Wednesday, June 18, 2008

Information overload!

When I was a kid I read these stories of people swamped by email and other aspects of i-overload. I probably dismissed it contemptuously as a case of geezers out of their league.

But now I'd either have to admit I was wrong, or I've been outpaced by the growth rate of i-overload.

On my current project I hold a fairly 'responsible' role. And I've been feeling the pressure of a daily stream of mails from different aspects of engineering operations and business teams (apart from the regular trickle of non-project mails).

But I couldn't put a handle on it until I came back from a four-day absence.

My Inbox had 300 emails - an average of 75 emails per day. Just thinking about it drives me nuts. Personally I think it's quite impossible to do justice to volumes like that unless you can quickly develop a policy of prioritizing the senders on a relevancy scale and junk irrelevant senders / threads.

Monday, June 16, 2008

Apocalypse of the two elephants

That's what David Clark of MIT named his theory about the timing of standards. When a new subject is discovered it is accompanied by a flurry of research activity. Time goes by, interest wanes and the activity drops off. Until there is a renewed surge of activity due to industry funding & adoption of the subject.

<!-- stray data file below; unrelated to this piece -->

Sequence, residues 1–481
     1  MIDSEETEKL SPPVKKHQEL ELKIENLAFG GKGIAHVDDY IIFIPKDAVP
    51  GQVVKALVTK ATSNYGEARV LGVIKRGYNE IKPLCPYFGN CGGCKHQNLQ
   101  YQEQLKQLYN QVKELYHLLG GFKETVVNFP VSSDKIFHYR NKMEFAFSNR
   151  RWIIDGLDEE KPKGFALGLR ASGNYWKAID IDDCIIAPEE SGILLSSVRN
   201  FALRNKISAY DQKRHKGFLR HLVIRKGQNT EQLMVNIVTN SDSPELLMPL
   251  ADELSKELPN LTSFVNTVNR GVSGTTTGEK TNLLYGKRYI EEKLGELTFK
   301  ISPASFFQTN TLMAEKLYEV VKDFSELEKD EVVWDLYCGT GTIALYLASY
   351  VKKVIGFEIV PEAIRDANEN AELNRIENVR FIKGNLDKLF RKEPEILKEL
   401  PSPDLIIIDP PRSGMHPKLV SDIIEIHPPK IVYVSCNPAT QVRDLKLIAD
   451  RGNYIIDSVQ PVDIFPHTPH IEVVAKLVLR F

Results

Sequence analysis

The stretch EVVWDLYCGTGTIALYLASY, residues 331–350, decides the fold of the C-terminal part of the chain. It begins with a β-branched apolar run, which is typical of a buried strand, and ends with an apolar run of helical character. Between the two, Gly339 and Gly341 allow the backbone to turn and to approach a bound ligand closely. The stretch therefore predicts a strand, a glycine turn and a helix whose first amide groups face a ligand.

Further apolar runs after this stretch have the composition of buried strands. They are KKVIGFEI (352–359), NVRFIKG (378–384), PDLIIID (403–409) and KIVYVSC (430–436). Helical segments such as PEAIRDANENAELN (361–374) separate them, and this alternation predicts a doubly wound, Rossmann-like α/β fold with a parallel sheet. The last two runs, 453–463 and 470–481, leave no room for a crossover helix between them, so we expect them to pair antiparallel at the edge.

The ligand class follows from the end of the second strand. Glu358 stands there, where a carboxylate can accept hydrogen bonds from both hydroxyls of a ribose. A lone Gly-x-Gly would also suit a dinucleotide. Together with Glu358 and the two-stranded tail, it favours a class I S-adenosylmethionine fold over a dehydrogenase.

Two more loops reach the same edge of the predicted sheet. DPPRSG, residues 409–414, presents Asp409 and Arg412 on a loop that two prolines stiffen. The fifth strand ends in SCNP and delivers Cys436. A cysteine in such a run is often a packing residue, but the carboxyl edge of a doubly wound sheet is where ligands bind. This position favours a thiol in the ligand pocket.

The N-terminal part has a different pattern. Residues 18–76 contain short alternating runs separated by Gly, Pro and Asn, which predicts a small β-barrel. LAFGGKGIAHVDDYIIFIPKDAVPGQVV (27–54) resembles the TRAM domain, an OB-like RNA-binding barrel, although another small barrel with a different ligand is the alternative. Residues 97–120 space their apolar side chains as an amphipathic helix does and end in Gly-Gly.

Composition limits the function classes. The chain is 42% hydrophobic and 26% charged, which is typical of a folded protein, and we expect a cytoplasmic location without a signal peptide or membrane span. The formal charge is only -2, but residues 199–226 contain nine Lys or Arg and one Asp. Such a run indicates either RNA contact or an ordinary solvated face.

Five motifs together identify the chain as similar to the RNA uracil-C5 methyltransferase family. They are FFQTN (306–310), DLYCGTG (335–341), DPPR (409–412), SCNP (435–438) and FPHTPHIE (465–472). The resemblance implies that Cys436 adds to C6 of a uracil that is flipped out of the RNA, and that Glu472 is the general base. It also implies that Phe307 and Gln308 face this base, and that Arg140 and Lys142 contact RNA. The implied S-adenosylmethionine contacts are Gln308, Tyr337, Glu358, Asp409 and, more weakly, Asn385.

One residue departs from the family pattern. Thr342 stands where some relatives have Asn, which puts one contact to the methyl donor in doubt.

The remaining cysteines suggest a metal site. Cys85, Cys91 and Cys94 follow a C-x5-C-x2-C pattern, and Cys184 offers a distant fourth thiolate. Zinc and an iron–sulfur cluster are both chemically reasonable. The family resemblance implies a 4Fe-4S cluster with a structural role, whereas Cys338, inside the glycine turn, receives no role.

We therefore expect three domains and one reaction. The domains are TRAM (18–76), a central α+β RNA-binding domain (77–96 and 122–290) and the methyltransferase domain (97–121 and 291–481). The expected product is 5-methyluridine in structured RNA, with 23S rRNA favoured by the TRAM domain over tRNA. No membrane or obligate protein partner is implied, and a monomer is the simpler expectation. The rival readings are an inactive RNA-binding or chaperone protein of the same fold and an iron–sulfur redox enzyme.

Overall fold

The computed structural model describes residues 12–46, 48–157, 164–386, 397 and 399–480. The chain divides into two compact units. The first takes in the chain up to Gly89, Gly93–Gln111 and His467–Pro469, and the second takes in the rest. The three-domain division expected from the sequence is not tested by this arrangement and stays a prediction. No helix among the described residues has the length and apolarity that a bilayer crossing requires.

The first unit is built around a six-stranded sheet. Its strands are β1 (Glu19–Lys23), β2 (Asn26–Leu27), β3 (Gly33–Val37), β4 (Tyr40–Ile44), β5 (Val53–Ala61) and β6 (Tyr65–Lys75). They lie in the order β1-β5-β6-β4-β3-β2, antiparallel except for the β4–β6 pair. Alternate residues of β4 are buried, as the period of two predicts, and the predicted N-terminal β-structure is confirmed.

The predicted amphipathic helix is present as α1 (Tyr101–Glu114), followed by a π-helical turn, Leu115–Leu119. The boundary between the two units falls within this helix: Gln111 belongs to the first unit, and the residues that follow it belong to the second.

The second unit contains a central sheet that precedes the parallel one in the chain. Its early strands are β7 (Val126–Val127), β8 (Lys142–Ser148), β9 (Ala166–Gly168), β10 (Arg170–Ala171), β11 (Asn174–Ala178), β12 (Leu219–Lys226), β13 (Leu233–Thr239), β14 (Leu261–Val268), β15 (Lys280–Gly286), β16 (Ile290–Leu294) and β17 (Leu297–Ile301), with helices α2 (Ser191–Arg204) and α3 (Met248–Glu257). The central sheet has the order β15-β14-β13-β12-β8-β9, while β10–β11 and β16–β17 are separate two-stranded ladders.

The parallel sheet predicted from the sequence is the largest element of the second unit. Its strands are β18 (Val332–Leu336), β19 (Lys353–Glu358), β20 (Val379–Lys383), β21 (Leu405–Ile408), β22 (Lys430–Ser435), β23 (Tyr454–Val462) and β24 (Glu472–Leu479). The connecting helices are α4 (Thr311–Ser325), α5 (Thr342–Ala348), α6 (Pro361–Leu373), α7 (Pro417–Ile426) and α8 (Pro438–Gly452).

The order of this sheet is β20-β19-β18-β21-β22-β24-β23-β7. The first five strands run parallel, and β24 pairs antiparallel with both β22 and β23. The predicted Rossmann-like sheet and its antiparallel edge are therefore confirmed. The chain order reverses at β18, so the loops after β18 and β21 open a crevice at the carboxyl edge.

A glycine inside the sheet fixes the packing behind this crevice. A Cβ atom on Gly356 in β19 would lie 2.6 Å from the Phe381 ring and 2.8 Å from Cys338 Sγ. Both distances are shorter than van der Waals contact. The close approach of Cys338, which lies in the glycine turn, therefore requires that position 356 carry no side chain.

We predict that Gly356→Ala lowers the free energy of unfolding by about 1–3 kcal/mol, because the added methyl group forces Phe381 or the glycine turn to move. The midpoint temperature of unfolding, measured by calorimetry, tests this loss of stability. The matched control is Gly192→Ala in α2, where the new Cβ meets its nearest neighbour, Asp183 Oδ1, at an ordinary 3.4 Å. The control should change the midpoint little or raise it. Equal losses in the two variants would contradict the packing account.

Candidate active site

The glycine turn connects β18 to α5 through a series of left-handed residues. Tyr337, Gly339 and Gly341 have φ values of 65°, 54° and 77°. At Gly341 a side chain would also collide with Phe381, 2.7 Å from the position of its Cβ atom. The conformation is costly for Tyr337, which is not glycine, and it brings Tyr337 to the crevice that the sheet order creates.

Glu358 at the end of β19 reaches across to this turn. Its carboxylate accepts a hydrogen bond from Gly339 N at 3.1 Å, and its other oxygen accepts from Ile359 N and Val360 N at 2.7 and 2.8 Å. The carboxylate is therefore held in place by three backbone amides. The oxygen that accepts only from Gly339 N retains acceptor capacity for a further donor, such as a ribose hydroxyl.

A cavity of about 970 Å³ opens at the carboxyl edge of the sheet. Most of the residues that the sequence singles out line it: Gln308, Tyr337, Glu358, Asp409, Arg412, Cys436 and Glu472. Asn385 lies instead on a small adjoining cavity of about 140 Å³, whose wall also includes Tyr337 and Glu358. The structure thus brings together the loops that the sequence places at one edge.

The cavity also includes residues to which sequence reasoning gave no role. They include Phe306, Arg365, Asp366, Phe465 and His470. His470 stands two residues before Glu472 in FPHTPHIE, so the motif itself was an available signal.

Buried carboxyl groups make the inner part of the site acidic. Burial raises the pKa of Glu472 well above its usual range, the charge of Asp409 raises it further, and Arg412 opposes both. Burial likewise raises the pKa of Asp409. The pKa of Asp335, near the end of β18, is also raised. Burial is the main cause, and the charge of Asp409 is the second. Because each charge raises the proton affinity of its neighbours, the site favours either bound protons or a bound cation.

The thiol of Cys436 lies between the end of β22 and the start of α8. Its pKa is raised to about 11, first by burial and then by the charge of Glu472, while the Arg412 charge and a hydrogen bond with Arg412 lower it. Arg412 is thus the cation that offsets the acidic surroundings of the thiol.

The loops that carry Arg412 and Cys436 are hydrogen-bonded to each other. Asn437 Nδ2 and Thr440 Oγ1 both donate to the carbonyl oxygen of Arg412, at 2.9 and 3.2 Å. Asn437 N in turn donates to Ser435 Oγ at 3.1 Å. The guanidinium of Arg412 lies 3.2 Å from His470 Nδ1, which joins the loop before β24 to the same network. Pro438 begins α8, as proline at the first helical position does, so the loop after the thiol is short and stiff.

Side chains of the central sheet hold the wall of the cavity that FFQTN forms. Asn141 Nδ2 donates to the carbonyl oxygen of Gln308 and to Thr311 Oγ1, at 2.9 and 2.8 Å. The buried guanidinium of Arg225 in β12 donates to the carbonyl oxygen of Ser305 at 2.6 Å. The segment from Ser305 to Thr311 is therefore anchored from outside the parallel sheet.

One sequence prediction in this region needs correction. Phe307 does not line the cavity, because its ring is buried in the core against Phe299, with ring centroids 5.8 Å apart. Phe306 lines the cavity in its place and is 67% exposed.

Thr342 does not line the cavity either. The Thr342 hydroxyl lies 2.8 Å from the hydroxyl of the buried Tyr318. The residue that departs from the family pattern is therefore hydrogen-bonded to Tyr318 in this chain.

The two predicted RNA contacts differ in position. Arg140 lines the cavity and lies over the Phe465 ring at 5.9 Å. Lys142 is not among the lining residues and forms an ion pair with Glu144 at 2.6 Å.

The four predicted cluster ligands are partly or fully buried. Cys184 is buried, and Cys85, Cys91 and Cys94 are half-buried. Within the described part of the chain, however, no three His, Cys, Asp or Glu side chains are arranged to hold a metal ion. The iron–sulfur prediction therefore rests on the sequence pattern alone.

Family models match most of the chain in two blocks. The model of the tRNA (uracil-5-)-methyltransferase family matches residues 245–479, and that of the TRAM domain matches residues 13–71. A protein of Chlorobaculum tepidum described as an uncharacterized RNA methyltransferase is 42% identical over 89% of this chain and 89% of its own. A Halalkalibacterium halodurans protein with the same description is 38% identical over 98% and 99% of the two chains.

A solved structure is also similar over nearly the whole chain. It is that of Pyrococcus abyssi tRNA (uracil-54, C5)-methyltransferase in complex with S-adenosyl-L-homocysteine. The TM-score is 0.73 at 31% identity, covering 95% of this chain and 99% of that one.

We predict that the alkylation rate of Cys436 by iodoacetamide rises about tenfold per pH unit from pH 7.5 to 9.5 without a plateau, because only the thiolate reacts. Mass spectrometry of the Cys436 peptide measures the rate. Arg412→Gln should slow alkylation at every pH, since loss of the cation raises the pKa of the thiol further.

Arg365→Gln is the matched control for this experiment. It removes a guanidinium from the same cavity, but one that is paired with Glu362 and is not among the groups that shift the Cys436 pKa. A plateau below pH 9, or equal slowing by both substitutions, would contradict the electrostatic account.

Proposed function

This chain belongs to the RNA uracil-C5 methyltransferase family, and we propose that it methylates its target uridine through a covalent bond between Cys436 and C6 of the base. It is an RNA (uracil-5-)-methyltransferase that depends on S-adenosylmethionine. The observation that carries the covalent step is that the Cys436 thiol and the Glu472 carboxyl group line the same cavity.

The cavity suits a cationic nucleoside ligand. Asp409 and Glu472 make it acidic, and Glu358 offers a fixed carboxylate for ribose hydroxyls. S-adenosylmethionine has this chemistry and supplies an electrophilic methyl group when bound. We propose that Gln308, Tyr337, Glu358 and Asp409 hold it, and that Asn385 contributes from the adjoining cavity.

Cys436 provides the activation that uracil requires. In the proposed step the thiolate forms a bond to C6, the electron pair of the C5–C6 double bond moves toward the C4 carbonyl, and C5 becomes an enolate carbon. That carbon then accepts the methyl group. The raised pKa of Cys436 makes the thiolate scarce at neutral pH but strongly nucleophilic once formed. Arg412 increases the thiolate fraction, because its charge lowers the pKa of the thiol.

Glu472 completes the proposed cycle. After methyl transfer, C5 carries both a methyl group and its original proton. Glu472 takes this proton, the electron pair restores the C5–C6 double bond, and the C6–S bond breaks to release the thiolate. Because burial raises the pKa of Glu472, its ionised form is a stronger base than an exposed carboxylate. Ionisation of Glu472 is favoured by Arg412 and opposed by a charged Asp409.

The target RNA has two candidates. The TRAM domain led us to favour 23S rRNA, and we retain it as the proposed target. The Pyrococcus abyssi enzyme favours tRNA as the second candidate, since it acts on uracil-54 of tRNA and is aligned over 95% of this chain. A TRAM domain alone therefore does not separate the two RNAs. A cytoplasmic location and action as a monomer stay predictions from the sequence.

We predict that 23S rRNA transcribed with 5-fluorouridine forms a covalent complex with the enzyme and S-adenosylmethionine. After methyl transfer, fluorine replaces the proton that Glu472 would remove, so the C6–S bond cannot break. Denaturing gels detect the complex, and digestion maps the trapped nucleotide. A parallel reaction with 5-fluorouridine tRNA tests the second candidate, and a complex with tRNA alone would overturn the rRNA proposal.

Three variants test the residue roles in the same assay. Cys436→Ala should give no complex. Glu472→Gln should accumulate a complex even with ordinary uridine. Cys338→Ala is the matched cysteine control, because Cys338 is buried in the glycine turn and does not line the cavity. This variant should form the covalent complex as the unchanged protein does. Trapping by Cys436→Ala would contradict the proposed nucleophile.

The theory claims, a standard should be timed right in the middle of the trough between these two peaks of activity. Released too soon, the standards flirt with inadequacy as they could miss out on the benefits from significant research. Timed too late, and the industry funding would have led to adoption of first-mover technology making it hard to topple the defacto standard in the market.

This was in the context of the defacto tcp/ip derailing the de-jure iso-osi standard.

I can't help relating to the world of management. Stuff like BPR came and was adopted by industry immediately. Many burnt their fingers on it.
In that context it seems that industry rushes to adopt new management concepts even before they are thoroughly researched or understood.

Is it that leaders love fads? Or is it that the pressure to deliver forces them to grasp the next best ray of hope that comes their way?